Carper calls for tough US rules banning gas cars by 2035

Carper calls for tough U.S. regulations banning gas cars by 2035

A senior Senate Democrat insists on U.S. environmental standards following a deal brokered by California with five automakers and then setting targets to end sales of new gasoline-powered vehicles by 2035, a target that goes beyond President Joe Biden’s climate plan.

In a letter to the Environmental Protection Agency late Thursday, Delaware Senator Tom Carper, chairman of the Senate Committee on the Environment and Public Works, said the government must act resolutely against the automotive sector in order to realize Biden’s plan to reduce American greenhouse gas emissions by halfway through 2030 .

Carper noted that the industry is already moving towards zero-emission electric vehicles and that it is important to change course now to ensure that the US positions itself as a top player in auto manufacturing against foreign competitors like China.

According to Carper’s proposal, the EPA would apply the 2019 California Framework Agreement on emissions standards reached between Ford, Volkswagen, Honda, BMW and Volvo. This agreement would reduce greenhouse gas emissions by 3.7% per year from 2022 to 2026 and increase fuel consumption requirements by a similar amount.

After that, the administration would have to have much stricter standards to meet the goals set out in Carper’s plan. Half of all new vehicles sold would be electric by 2030, and sales of new gasoline-powered passenger cars would be banned by 2035. Under the agreement with California, automakers would receive loans to meet requirements to sell zero-emission batteries for electricity and hydrogen fuel cell vehicles.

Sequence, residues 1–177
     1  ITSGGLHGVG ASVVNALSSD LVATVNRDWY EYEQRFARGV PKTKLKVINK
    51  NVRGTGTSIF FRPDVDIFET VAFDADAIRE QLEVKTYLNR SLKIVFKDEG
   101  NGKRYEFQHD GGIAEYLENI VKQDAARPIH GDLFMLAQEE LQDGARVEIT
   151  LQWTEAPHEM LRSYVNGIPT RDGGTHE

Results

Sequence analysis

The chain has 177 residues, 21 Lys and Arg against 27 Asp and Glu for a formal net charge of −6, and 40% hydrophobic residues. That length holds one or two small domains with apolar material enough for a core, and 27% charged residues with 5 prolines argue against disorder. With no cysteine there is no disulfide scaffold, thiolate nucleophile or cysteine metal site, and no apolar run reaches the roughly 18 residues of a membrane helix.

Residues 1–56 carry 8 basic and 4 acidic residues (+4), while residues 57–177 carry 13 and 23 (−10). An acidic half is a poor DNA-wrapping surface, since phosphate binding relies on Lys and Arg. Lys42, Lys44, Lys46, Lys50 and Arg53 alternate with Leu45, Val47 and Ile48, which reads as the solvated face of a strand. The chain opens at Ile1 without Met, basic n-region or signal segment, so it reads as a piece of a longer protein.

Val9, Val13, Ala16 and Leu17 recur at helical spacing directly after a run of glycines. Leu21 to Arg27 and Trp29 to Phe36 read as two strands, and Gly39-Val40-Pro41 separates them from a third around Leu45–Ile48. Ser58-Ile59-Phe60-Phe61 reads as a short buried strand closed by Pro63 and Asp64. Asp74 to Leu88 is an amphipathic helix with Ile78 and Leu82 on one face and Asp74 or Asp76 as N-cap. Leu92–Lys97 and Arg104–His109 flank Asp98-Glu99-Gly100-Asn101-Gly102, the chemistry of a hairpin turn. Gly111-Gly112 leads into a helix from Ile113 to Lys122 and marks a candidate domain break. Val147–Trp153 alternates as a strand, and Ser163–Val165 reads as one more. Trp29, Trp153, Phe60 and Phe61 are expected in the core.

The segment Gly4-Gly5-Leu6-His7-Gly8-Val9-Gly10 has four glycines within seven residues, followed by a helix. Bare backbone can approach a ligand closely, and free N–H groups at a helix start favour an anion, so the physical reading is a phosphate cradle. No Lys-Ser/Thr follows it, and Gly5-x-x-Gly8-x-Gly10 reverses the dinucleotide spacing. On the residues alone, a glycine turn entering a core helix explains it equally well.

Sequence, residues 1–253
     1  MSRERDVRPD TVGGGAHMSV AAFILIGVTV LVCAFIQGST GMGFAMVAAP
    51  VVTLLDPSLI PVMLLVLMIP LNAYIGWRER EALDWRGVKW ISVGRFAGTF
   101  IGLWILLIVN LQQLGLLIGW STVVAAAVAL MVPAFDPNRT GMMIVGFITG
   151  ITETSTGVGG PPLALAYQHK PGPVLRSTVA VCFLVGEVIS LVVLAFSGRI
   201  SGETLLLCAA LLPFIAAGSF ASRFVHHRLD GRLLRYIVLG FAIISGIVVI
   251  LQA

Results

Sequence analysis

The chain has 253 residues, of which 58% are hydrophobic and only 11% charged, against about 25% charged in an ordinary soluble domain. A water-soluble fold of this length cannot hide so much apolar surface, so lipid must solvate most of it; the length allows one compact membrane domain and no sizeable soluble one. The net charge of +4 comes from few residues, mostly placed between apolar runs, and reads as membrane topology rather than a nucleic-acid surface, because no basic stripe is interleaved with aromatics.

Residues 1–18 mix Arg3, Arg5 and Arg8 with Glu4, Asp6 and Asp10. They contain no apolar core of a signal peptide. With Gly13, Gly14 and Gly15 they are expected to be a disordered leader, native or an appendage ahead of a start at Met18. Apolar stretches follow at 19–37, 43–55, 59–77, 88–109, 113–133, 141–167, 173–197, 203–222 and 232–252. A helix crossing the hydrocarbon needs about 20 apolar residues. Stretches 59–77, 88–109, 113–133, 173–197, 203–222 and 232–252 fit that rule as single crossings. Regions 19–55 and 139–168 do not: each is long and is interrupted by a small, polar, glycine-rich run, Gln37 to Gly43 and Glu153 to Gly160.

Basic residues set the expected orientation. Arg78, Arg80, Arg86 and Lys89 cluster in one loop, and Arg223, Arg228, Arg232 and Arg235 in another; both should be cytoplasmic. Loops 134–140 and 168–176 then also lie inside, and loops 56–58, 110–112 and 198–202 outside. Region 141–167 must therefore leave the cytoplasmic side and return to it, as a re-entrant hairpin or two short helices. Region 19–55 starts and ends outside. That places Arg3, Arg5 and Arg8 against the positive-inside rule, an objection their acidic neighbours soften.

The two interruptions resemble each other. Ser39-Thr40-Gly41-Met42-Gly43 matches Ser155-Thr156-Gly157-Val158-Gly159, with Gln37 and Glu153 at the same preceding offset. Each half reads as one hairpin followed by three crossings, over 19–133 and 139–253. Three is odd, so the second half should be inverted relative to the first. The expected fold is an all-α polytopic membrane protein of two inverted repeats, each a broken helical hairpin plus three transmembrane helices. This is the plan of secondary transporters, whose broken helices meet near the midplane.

“Unless the US has solid policies that encourage zero-emission vehicle use, coupled with appropriate incentives, we risk losing our automotive jobs and industry leadership to other nations and suffering unnecessary public health effects from pollution,” Carper wrote .

Carper’s push comes as the Biden administration takes steps to reverse former President Donald Trump’s drive to end California’s ability to set its own standards for exhaust pipe pollution for cars. This move could pave the way for the US to broker an industry-wide deal that follows the California accord, though reaching such an accord faces challenges.

However, experts say that in less than 15 years it will be difficult to replace the 279 million passenger cars on US roads, most of which burn gasoline, with electric vehicles. The average US vehicle is now nearly 12 years old so they will be on the roads longer than they have been in the past. And without immediate change, the number of gasoline-powered vehicles will continue to grow. IHS Markit forecasts 284 million by 2025.

Every year automakers in the US sell approximately 17 million new vehicles, most of them powered by gasoline. If every new vehicle sold were electric as of today, it would take more than 16 years to replace all gasoline vehicles.

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